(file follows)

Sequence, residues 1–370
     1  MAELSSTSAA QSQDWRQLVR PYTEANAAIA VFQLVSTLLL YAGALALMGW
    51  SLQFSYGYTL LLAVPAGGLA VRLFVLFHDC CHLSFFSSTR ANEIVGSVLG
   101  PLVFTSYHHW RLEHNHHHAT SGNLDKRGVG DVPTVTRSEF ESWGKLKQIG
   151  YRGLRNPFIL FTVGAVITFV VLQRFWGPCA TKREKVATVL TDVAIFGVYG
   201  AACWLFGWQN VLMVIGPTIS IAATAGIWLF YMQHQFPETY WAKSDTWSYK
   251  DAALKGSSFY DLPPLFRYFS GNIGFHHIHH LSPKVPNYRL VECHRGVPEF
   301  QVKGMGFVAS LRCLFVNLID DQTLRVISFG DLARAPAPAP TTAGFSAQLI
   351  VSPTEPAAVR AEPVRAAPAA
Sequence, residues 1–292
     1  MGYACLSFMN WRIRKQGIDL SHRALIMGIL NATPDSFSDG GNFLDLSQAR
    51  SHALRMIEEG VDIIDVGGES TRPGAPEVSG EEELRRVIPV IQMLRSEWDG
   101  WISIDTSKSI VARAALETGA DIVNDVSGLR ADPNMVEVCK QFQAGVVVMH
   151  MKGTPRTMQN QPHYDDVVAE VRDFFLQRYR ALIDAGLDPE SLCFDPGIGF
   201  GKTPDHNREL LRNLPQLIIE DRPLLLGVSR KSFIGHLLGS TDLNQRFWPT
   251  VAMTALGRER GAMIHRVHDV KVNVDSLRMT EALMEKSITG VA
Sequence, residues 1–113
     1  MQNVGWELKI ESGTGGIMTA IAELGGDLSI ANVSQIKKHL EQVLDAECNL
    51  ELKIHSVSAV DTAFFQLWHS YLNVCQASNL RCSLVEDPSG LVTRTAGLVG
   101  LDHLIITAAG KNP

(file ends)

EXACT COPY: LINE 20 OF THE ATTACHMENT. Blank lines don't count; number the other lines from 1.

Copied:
   101  LDHLIITAAG KNP